It’s very clear by now that most of us wish we used our brain about half as productively as does Brooklyn’s (by way of South Africa) Jean Grae. After a 2013 packed with releases—the Gotham Down trilogy, a Christmas album, and the debut episode of Life With Jeannie, “My First Baby Jesus,” and directing Talib Kweli’s “Favela Love” music video (filmed on location in Brazil)— Jean starts the new year off by releasing a book, The State of Eh: A Read Along Album Book Thing.
The book features 11 chapters of the real-life adventures (and fantasies contained therein) of Jean Grae, including the powerfully honest, “Clumsy McClumsington"; the thrilling and sexy “Richard, Vegas, and the Yakuza,” which introduces Jean’s half-Brazilian, half-Japanese alter-ego; the controversially opinionated, “Henchman for Hire"; and the trials and tribulations of “Big Crazy,” about a man who might very well be one of the troubled characters sung about in Gil Scott-Heron’s somber classic, “The Bottle.”
As you might "ve guessed, the book is accompanied by the voice of Jean, in 11 annotated, downloadable chapters. Jean informs the reader that many of the stories are old writings which serve as a way of looking back into the past and, “Seeing what you were like then,” but that Chapter 1: Jean is Stoopid “is really where I’m at right now.”
She writes that much of her current state is the result of the passing of her mother, whom she loves and cherishes, and who also makes an appearance in “Clumsy McClumsington,” and that, “Some of it is really just understanding that I’m not conforming to ‘do what I’m supposed to do…’” But not conforming, and not being afraid to be honest with her fans and herself, is exactly what makes Jean so inspiring, motivating, and relatable.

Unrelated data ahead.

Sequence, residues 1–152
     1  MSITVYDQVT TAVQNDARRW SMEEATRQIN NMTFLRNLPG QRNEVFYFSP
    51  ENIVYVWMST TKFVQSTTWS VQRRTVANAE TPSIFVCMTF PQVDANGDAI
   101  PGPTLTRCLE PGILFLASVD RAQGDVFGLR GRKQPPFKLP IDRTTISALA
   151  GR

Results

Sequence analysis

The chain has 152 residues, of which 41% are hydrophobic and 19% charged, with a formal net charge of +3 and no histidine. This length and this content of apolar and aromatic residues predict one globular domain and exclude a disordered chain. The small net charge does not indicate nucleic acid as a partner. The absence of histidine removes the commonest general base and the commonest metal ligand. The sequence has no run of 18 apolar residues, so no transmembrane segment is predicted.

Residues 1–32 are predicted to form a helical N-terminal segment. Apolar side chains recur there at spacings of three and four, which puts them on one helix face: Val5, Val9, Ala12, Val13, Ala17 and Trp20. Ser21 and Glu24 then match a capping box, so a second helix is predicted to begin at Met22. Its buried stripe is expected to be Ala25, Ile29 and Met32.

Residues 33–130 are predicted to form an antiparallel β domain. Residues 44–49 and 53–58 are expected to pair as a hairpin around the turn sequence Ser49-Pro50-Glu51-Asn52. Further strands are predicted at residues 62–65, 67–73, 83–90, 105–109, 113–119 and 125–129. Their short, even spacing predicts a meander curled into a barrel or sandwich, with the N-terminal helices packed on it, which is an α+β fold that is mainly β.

Pigeonholing Jean as an MC has always been a bit unfair, and ventures like The State of Eh (and Life With Jeannie) only help her evade the boundaries many have unfairly forced on her artistry; the world is Jean’s canvas, and her intention is to paint all over the lines society has drawn for her, except with blood instead of paint. By now, there should be no doubt in your mind that one day, in the distant future, scientists will preserve Jean Grae’s brain (along with Kool G Rap’s, obviously) and donate it to science to answer The Unexplained.